- The line “That shepherd of evil, guardian of crime” compares Grendel to a shepherd or a guardian of malicious actions. By the way, the words “evil” and “crime” are used as personification because only living creatures require a shepherd or a guardian.
These poetic devices communicate a message beyond the literal meaning of the words. The following types of figurative language can be found in Beowulf.
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- Alliteration is created by the repetition of first consonants in successive words. It is a traditional device in oral storytelling. The ear-pleasing effect makes it easier to perceive and memorize information. E.g., “He b ound to the b ank then the b road- b osomed vessel.”
- Personification arises when an animal or object is endowed with human characteristics. E.g., “vengeful creatures, seated to banquet at bottom of sea,” which means the sea monsters.
- Onomatopoeia means words, the pronunciation of which is similar to the sounds they describe. E.g., “The dragon roared with anger.”
- A simile compares objects, people, or phenomena, using the words “like” or “as.” E.g., “His anger clouded the hearts of men like smoke .”
- Hyperbole is a literary exaggeration. E.g., Beowulf is “ the mightiest man on Earth,” which is surely an overstatement.
The imagery appears when an author uses words that address the reader’s senses. Below you can find examples of imagery in Beowulf .
- “The only sound was the roaring sea, the freezing waves.” “Fastened those claws in his fists till they cracked .” These lines appeal to the sense of hearing. The sounds transmit the reader inside the text, creating real-time experiences.
- “Sorrow heaped at his door.” The word “heaped” creates a visual picture of sorrow. Metaphors often represent visual imagery, like in this case.
Almost all events in Beowulf are foreshadowed . Many of them are predicted right before they happen. For the first readers (or listeners) of the poem, foreshadowing did not equal “a spoiler,” as we know it now. Medieval people were familiar with the described events and characters. That is why foreshadowing emphasizes the inevitability of fate, which is one of the poem’s central themes .
For example, the lines “He was sad at heart, unsettled yet ready, sensing his death” foreshadow Beowulf’s death. He knows that he is too old, but still, he wants to try and win. The reader is warned that this might be the last battle, and the protagonist might die.
Kennings in Beowulf
A kenning is a literary device traditional for Anglo-Saxon and Norse poetry. The definition of this stylistic device is a group of two words describing an object instead of a single-word noun. It is a “compressed metaphor.” For example, “whale-road” in Beowulf represents the sea. Kennings make the reader a part of the story, creating a visual experience.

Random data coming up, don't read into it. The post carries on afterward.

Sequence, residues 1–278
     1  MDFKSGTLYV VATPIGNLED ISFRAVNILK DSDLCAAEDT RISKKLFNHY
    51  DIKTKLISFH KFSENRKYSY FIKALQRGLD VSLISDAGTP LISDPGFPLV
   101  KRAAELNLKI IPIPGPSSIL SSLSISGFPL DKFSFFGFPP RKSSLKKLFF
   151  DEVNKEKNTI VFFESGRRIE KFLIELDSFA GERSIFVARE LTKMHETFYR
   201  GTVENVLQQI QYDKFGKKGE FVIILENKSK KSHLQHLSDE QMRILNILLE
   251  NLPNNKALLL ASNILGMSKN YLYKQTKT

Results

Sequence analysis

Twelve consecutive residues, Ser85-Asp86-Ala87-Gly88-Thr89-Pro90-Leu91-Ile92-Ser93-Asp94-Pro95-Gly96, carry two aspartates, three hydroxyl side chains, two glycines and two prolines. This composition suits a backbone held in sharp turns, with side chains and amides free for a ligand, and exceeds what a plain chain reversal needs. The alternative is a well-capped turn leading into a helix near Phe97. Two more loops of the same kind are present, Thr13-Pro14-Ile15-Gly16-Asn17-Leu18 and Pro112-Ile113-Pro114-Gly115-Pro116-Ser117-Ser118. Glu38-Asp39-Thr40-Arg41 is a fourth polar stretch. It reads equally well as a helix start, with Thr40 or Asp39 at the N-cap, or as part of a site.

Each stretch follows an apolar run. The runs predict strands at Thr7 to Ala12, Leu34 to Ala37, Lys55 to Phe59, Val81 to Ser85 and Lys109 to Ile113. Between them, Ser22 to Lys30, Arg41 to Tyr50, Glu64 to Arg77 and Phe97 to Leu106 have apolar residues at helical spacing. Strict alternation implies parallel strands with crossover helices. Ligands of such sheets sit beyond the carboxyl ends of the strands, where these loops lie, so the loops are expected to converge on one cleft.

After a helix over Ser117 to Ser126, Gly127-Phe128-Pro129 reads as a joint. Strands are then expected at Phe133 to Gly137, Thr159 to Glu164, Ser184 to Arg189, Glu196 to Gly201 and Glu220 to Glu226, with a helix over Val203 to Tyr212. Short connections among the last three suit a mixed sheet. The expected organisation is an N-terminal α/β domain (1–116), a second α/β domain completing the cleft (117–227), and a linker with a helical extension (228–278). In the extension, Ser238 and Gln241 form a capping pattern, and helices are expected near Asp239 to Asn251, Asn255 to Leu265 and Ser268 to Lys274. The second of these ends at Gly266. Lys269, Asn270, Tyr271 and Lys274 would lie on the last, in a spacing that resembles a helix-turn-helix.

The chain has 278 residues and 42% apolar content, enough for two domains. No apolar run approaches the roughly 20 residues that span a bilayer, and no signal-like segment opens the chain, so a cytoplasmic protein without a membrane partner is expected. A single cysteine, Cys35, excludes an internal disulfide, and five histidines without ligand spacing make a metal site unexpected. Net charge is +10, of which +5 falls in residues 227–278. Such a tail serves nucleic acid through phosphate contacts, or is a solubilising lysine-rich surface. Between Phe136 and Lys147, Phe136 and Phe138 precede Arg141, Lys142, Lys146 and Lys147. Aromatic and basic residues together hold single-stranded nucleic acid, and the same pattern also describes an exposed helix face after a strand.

The poem is full of kennings: “horse of the sea,” “sea monster’s home,” “ocean stallion,” “wave skimmer,” “sword’s dew,” “Midnight Stalker,” “Bone Crusher,” “sky-plague,” to name a few. Approximately one-third of Beowulf consists of kennings. The protagonist is rarely called by name. Instead, the narrator names him “The Geatish hero,” “Chief of the Strangers,” “the Lord of the Seamen,” and “the Son of Ecgtheow.” These phrases help us to visualize the character and make him memorable.
Biblical Allusions in Beowulf
An allusion is a reference to events, people, or things that are well-known to the reader. A medieval reader of Beowulf would find many more allusions in the text than we can. Most of the described events, including the kings’ deaths of scop’s stories, were familiar to the first readers.
But some allusions are identifiable for us as well. The poem recalls or hints at several Biblical stories, including the death of Christ , Cain and Abel , the ten commandments , and the Great Flood .
Some pagan traditions also allude to the Bible. In the Book of Exodus, God tells people through Moses not to have other gods before him. This passage represents the author’s disapproval of Paganism: “Sometimes they sacrificed to the old stone gods… hoping for Hell’s support, the Devil’s guidance.”
What do Opening Lines of Beowulf Mean?
In Beowulf, the opening lines tell us a legendary tale of the first great Danish king, Shield Sheafson. His heroic deeds set the mood or the entire poem. Sheafson was an orphan found in the sea but grew to become the terror of all the other tribes. Then the author describes his pompous funeral. The king was put in a ship full of treasures and set out to the sea.
The narrator draws a genealogical tree from Shield Sheafson to Hrothgar, who eventually becomes the King of the Danes. Thus, the text starts by explaining the Hrothgar’s noble and heroic ancestry. This lineage justifies Beowulf’s loyalty and desire to assist a great king in defeating the evil.
The opening lines introduce the heroic code as the central theme of the poem.
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- Symbolism in Beowulf | Symbols, Importance & Examples
- Where is Beowulf set? What’s the significance of that setting?
- The History Behind Beowulf
- Beowulf – World History Encyclopedia
- Beowulf – The Three Evil and Powerful Monsters | Great Works
- Beowulf | Figurative Language, Analysis & Examples
- Grendel as a Personification of Evil in “Beowulf” Poem
- “Beowulf”: Cultural Elements of the Anglo-Saxon Piece of Literature
- Beowulf, The National Epic of the Anglo-Saxons